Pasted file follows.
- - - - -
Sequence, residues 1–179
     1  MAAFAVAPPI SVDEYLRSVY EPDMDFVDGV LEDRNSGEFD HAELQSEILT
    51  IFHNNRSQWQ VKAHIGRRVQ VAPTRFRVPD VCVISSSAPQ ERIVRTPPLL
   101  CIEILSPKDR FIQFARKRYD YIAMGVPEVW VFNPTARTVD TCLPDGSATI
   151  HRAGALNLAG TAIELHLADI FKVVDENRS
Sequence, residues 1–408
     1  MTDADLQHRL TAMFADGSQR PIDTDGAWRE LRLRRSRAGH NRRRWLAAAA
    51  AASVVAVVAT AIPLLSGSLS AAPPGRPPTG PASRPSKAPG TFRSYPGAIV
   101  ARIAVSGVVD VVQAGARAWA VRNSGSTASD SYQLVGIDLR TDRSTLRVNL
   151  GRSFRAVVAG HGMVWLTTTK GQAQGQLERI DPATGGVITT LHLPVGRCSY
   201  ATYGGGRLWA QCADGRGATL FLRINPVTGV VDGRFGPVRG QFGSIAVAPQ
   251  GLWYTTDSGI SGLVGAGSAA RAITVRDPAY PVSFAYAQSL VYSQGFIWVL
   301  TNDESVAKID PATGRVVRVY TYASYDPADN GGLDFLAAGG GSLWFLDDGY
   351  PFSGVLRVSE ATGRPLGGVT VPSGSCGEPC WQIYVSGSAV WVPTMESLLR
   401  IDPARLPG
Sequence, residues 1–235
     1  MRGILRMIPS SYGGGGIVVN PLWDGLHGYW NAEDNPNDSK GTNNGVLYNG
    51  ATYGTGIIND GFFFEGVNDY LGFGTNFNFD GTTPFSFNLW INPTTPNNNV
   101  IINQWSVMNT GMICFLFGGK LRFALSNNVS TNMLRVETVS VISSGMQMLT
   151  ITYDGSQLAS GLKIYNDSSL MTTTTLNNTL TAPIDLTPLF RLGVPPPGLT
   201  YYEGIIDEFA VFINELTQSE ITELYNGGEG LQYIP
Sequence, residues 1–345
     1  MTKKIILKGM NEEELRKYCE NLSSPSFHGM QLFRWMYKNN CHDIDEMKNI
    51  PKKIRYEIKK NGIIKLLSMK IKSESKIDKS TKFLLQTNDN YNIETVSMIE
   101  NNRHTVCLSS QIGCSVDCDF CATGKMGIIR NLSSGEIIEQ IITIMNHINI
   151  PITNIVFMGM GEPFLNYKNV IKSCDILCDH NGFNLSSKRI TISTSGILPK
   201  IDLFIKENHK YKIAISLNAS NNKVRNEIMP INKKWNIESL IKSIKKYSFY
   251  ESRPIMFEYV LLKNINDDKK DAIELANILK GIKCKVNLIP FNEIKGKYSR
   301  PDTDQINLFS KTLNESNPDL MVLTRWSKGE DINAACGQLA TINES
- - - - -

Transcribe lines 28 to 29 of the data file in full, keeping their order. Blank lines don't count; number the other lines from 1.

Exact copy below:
   251  ESRPIMFEYV LLKNINDDKK DAIELANILK GIKCKVNLIP FNEIKGKYSR
   301  PDTDQINLFS KTLNESNPDL MVLTRWSKGE DINAACGQLA TINES